Staunton, February 25 – As the Putin regime takes more steps to hide the crimes of Stalin – it has gotten Interpol to go after the editor of the Russia as the Prison House of Nations portal (novayagazeta.ru/news/2018/02/24/139771-interpol-ob-yavil-v-rozysk-avtora-bloga-rossiya-tyurma-narodov-po-zaprosu-rossii), it is ever more important to call attention to those crimes.
One of the greatest is the acts of genocide Stalin carried out against the so-called “punished peoples” by forcibly deporting them from their homelands and leaving them to die in the wilds of Central Asia or elsewhere. His actions in the North Caucasus and Crimea are well-documented; those elsewhere much less so.
One of the nations Stalin deported that has received only sporadic attention are the Kola Norwegians, a small group who settled in the northern reaches of Russia in the 19th century, prospered but then were deported in the lead up to World War II and were never allowed to return.
They have been given some attention by Norwegian investigators – their story is even summarized on a Wikipedia page – but the Kola Norwegians have seldom attracted Russian investigators. Now that has changed with a remarkable article this week on their history and fate (russian7.ru/post/kak-kolskie-norvezhcy-stali-russki/).
Although the article is entitled “How the Kola Norwegians Became Russian,” it concedes that “to come to Rus does not mean to become part of it.” And it makes clear that this community stood apart and viewed itself as separate until its dispersion by deportation led to its disappearance.
The Kola Norwegians came for Finnmark, settling n the Murmansk shore where they played a major role in the development of fishing and trade with the Pomors. In Murman itself, the article says, “no one lived until the end of the 19th century.” As the Russian authorities “did not control this territory,” the Norwegians arrived and settled initially without reference to them.
But by 1859, they had become sufficiently numerous and tsarist power in the region had grown enough to appeal to Aleksandr II and receive permission to settle along the entire coastline, in large part because unlike Russians who didn’t want to settle there, the Kola Norwegians asked for no state assistance.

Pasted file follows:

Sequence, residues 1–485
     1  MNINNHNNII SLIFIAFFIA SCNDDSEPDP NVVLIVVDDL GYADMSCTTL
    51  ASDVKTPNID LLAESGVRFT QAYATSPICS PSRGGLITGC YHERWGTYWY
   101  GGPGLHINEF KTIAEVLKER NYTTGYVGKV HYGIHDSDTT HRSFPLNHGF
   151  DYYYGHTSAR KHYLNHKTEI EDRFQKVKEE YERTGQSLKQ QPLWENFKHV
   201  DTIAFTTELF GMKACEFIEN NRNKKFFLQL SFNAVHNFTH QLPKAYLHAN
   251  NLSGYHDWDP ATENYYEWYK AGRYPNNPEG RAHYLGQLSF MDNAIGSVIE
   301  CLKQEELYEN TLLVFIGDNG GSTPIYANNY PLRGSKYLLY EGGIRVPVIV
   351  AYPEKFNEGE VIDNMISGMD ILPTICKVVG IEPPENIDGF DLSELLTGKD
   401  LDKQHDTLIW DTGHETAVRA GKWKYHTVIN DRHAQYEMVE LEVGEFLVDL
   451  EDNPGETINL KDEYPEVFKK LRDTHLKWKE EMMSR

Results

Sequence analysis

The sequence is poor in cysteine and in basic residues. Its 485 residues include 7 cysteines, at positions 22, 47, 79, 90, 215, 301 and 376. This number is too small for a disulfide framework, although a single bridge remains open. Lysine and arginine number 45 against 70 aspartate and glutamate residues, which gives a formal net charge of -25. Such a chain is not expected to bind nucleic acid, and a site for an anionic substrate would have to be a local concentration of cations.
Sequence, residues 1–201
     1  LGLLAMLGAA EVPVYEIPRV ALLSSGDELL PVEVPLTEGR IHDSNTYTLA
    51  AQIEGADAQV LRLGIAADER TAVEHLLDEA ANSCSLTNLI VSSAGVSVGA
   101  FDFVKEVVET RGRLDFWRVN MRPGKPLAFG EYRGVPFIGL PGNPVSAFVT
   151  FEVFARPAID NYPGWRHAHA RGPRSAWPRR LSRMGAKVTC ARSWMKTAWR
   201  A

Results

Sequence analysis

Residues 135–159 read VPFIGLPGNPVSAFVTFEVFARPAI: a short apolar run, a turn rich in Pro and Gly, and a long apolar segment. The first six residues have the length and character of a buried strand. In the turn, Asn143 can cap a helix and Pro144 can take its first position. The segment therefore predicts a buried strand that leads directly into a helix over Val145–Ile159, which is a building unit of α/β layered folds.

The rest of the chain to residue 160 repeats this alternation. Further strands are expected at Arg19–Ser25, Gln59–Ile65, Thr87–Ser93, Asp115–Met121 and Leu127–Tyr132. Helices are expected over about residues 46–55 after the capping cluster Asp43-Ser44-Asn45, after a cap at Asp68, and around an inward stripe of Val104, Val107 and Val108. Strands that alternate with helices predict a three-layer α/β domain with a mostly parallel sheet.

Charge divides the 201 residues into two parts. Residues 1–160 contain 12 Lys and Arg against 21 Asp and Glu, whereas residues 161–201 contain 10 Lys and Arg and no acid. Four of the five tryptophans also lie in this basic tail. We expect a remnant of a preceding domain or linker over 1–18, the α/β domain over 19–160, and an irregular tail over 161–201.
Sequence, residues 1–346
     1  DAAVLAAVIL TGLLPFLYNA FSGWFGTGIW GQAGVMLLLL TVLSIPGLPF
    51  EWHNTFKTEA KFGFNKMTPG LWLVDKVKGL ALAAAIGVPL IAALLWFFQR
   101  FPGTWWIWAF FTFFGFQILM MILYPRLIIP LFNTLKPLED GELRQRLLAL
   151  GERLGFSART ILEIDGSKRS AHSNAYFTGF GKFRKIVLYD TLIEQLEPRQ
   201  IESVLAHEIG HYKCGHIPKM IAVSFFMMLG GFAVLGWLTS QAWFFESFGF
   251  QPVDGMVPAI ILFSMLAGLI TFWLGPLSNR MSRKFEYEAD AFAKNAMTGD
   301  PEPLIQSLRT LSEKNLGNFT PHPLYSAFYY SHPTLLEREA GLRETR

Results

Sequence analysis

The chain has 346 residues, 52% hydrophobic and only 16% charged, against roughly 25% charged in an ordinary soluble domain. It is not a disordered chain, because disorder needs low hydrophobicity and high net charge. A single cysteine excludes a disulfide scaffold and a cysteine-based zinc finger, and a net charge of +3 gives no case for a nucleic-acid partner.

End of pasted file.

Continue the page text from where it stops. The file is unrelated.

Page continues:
The only condition the tsar placed on them was that the Kola Norwegians had to become Russian subjects. After doing so, their economic situation improved still further both from fishing and from the production and sale of alcohol to the Pomors and the local Russian communities that had begun to form.
By the end of the 19th century, the Kola Norwegians numbered more than 2100. After the revolution, they organized a fishing collective farm; and despite the Soviet state’s confiscatory approach to it, “their standard of living was much higher than that of Russians and Finns” in the region.
They kept apart and had a cautious attitude toward Russians and all things Soviet, and not surprisingly few Russians settled among them and the authorities viewed them with suspicion. The NKVD began lodging charges against them and by 1938, a quarter of the Kola Norwegians had been repressed.
Then, in 1940, on Stalin’s order to “cleanse” all border areas of “alien elements” in the name of national security, the Soviet organs deported the rest to various parts of the Soviet Union. “In this way,” the article says, “the history of the existence of the Kola Norwegians in Murman came to an end.”
Because they were sent in small groups to regions and republics far from their homeland, the Kola Norwegians either died out or were assimilated. They “surfaced” again only after 1991 when Norwegians from Norway visited the Murmansk area looking for records of their ancestors and set up a monument to them.
But by that time, there were no Kola Norwegians left; and in 2007, the Russian authorities took the final step in their disappearance by declaring vacant Port Vladimir which a century earlier had been their largest settlement.